It’s a point made by political scientists repeatedly over the years, but it’s worth reiterating with fresh evidence, as I did at New York.
Pew has a new report out looking at self-identified political independents. It doesn’t break any new ground, but it should be waved in the face of Howard Schultz and others who look at the high percentage of Americans who prefer to call themselves independents and see a huge constituency for some centrist “third force.” It’s largely a mirage.
According to Pew’s numbers, while 38 percent of Americans identify as indies, only 7 percent “decline to lean towards a party.” Party “leaners” are a lot like self-identified partisans. For example, 70 percent of GOP-leaning indies give Donald Trump a positive job rating; 75 percent of them favor an expanded border wall; and 78 percent would prefer a smaller government providing fewer services. And far from being “plague on both your houses” nonpartisans with disdain for elephants and donkeys, independent leaners like one party and really dislike the other:
“Currently, 87% of those who identify with the Republican Party view the Democratic Party unfavorably. Republican-leaning independents are almost as likely to view the Democratic Party negatively (81% unfavorable). Opinions among Democrats and Democratic leaners are nearly the mirror image: 88% of Democrats and 84% of Democratic leaners view the GOP unfavorably. In both parties, the shares of partisan identifiers and leaners with unfavorable impressions of the opposition party are at or near all-time highs.”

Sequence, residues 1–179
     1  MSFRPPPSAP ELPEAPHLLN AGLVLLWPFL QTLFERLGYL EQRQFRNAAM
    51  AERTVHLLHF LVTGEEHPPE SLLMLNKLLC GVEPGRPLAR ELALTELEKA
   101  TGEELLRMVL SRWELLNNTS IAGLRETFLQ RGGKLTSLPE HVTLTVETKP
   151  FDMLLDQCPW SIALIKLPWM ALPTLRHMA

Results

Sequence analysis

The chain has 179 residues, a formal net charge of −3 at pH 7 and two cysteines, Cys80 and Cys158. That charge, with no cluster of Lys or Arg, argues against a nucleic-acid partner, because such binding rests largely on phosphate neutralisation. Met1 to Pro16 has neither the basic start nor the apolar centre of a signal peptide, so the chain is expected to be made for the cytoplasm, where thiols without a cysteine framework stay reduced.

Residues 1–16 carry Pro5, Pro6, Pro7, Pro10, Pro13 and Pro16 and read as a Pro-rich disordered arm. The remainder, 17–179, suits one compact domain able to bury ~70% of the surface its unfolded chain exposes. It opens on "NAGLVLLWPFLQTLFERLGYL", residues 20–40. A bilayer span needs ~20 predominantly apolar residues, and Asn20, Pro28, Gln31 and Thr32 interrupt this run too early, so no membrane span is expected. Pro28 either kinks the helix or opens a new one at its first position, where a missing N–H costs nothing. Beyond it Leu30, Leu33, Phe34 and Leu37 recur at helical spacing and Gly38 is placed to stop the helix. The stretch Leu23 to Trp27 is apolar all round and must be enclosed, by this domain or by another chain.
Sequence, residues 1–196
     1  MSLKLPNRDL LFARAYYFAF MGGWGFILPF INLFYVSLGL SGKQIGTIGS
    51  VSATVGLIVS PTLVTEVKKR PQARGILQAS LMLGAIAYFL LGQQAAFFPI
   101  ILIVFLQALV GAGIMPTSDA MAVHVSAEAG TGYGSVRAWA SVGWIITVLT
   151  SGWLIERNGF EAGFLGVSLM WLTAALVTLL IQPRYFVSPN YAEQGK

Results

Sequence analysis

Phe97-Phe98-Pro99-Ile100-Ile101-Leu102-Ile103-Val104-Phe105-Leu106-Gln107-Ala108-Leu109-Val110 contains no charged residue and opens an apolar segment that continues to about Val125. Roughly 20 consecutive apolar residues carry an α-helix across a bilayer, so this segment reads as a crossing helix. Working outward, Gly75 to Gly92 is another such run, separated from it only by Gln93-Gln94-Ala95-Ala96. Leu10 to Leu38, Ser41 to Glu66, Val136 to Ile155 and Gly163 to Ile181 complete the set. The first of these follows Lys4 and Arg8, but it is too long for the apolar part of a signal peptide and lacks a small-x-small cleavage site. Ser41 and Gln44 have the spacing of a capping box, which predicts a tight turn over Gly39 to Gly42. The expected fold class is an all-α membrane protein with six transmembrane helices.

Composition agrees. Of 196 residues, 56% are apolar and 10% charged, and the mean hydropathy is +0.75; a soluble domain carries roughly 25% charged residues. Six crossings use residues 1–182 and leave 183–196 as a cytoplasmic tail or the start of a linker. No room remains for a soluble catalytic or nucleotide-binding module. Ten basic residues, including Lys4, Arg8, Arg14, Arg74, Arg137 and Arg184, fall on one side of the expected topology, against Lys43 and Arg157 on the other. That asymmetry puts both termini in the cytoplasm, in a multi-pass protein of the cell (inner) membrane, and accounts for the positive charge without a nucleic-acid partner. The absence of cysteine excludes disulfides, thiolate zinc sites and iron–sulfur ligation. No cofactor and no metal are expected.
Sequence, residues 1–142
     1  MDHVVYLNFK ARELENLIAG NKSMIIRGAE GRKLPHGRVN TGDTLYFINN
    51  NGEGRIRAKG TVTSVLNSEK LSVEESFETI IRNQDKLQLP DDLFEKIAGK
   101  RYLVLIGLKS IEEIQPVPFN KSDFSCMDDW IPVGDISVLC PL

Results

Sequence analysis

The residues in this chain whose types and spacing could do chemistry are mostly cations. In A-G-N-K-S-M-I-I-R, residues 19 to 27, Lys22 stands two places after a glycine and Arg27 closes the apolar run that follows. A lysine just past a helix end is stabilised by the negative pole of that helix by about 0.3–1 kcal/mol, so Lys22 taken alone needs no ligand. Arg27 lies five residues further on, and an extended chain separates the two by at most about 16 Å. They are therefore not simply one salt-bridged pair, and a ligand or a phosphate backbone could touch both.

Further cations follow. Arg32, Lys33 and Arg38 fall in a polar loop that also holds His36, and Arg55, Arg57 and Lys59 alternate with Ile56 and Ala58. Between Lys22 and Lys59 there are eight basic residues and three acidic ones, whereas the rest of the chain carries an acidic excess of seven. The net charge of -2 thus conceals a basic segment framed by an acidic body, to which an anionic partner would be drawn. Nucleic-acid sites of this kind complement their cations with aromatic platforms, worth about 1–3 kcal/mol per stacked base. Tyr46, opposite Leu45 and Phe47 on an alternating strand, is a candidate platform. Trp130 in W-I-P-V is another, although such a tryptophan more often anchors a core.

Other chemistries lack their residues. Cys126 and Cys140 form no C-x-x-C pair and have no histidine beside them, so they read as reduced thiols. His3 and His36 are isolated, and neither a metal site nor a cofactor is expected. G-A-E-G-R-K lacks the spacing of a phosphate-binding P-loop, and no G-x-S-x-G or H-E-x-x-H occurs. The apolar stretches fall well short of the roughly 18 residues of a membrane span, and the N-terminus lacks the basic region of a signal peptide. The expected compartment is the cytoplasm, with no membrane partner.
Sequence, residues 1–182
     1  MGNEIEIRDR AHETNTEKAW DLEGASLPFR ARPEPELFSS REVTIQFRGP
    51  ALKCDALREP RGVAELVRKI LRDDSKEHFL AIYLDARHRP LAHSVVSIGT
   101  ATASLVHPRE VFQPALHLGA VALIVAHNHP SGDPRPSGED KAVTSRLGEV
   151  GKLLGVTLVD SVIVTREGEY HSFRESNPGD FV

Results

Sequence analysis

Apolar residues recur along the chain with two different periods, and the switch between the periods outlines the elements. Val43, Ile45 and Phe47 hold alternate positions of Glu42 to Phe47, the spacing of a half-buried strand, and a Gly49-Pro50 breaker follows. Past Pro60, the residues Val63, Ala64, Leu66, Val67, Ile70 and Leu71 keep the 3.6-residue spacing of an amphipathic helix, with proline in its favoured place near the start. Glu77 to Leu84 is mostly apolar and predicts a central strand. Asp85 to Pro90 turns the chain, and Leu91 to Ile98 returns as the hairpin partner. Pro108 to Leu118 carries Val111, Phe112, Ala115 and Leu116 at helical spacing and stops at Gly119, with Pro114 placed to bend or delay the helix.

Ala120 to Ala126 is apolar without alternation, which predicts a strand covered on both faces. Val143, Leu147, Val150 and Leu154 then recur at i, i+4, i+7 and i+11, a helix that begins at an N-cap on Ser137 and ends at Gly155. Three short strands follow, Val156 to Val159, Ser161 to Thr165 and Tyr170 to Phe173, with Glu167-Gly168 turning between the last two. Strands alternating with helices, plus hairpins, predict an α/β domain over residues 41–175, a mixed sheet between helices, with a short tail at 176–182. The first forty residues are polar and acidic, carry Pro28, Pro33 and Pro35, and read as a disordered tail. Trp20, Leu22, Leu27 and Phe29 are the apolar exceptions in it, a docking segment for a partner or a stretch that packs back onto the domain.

The idea that independents are mostly “moderates” is increasingly out of whack with reality, too. A majority of GOP-leaning indies self-identify as conservative now, and while “moderates” still outnumber “liberals” among Democratic leaners (by a 45-39 margin), the latter category is steadily growing, as is the case with self-identified Democrats.
One implication of the report that’s worth internalizing is that polls and other opinion indicators that don’t break out leaners from true indies create an impression of the whole category as being in the middle on issues and candidates alike. In truth, much of what you read about independents reflects the dynamics of partisan leaners canceling each other out. So that big, potentially irresistible force poised between the two parties is mostly a figment of the imagination. And the partisan polarization so many self-identified pundits love to deplore extends well into the ranks of the technically unaffiliated.